11. Inequality in Germany: A Macroeconomic Perspective
Jan Behringer, Nikolaus Kowall, Thomas Theobald and Till van Treeck
12. Surplus Germany
13. Debating Lessons from Germany after the Social Democratic Century
Walther Müller-Jentsch, Britta Rehder, Sidney A. Rothstein and Tobias Schulze-Cleven
Tobias Schulze-Cleven is Associate Professor and Co-Director of the Center for Global Work and Employment at the School of Management and Labor Relations, Rutgers University-New Brunswick, USA. His research examines the comparative political economy of labor markets and higher education across the rich democracies.
Sidney A. Rothstein is Assistant Professor in the Department of Political Science at Williams College, USA. His research focuses on Europe and the United States, and investigates the politics of digital transformation, explaining how the transition to the knowledge economy reshapes relationships of power, and patterns of inequality, in different countries.
"Germany, or better: West Germany, used to be an ideal place to explore the benefits of functional complementarity in political-economic institutions. This is long gone. Today the editors of this exciting collection have rightly chosen ‘imbalance’ as the guiding concept for an excellent suite of articles on the German political economy today. What happened to Germany’s much-admired institutional coherence, to its institutional stability viewed successively as advantage and disadvantage? How did German institutions contribute to the country’s rise to hegemony in the European Union, and what are the longer-term prospects of the German social model under the euro? The articles in this book take readers to the very front of research on these and similar issues."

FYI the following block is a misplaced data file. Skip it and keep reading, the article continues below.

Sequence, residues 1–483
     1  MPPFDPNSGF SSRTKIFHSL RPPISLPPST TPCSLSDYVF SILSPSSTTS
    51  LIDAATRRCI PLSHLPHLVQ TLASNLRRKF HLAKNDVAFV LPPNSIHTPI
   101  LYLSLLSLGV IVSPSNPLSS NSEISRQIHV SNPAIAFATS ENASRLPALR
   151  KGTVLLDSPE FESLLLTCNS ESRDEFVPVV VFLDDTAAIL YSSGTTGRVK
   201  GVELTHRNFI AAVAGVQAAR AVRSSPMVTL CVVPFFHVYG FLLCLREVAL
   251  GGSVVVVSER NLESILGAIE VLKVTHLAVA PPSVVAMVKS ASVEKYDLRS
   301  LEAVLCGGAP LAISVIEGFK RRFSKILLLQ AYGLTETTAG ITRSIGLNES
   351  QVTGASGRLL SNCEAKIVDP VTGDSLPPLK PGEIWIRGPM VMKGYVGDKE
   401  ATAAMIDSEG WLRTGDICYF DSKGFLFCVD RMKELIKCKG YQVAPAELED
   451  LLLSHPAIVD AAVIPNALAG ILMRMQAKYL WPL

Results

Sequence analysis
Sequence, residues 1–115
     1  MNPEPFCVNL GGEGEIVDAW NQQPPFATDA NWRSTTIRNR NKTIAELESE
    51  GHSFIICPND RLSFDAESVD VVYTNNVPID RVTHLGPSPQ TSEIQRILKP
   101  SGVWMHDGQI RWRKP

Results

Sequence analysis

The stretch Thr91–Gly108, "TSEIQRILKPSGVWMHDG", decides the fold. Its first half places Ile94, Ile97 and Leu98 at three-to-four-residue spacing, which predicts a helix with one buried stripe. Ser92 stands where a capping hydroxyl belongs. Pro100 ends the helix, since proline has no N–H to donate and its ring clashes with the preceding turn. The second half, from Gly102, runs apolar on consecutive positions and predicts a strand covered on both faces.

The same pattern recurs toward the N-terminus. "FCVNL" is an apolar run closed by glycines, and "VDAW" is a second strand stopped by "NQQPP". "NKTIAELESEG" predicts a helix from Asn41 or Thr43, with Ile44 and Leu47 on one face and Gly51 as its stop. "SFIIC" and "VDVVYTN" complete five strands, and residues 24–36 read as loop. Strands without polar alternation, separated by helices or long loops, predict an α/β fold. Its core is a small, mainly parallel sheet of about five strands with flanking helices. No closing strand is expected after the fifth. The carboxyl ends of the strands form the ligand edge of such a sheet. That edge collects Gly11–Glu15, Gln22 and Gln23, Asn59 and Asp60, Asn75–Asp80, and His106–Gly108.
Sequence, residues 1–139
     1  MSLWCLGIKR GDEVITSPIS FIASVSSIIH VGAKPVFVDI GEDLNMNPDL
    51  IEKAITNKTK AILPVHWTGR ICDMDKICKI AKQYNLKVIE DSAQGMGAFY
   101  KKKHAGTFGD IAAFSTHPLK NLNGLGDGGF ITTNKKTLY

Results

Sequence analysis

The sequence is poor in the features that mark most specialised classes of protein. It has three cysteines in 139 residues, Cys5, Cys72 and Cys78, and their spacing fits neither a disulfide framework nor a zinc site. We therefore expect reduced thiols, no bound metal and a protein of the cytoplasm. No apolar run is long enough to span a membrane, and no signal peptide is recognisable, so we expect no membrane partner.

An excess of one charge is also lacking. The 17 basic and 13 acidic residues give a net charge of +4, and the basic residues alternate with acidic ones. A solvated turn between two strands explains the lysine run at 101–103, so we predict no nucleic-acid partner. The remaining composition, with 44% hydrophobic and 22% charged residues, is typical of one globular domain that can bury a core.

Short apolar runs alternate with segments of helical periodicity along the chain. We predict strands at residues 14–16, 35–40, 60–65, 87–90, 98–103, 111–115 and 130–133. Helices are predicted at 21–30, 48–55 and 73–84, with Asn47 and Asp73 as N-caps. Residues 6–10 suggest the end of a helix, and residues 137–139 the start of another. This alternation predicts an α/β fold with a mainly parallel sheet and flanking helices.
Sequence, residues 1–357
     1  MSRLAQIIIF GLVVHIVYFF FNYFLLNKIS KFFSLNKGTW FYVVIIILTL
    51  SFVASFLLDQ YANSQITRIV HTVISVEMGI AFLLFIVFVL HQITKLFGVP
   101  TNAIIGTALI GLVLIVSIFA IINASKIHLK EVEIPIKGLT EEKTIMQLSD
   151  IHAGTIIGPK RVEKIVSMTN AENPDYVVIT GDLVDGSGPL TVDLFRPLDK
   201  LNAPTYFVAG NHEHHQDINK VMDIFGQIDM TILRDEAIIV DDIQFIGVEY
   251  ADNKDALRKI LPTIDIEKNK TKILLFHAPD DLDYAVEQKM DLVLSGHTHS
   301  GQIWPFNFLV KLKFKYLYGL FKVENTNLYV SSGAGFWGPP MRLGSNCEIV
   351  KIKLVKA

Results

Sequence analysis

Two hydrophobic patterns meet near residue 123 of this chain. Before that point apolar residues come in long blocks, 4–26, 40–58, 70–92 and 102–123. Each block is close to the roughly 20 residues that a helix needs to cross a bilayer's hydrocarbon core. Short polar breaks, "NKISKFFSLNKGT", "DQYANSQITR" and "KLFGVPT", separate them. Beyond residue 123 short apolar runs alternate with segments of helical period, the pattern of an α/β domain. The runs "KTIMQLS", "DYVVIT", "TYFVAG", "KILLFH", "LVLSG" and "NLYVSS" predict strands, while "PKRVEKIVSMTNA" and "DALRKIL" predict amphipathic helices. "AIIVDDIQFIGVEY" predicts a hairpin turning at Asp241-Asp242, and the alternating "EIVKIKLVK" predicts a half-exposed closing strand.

- Wolfgang Streeck, Emeritus Director, Max Planck Institute for the Study of Societies
"At a moment of upheaval in advanced capitalism, this book represents a sophisticated scholarly re-examination of Germany, long viewed as a paragon of capitalist success. With contributions by some of the most accomplished scholars of German politics and comparative political economy, it demolishes the tired stereotypes of German political consensus and institutional stability and demonstrates that the German model has long evinced a deep and abiding capacity for institutional dynamism. The book is an absolute must-read for anyone wishing to understand contemporary Germany or the broader challenges faced by contemporary capitalist societies in a time of crisis and uncertainty."
- Mark I. Vail, Worrell Chair of Politics and International Affairs, Wake Forest University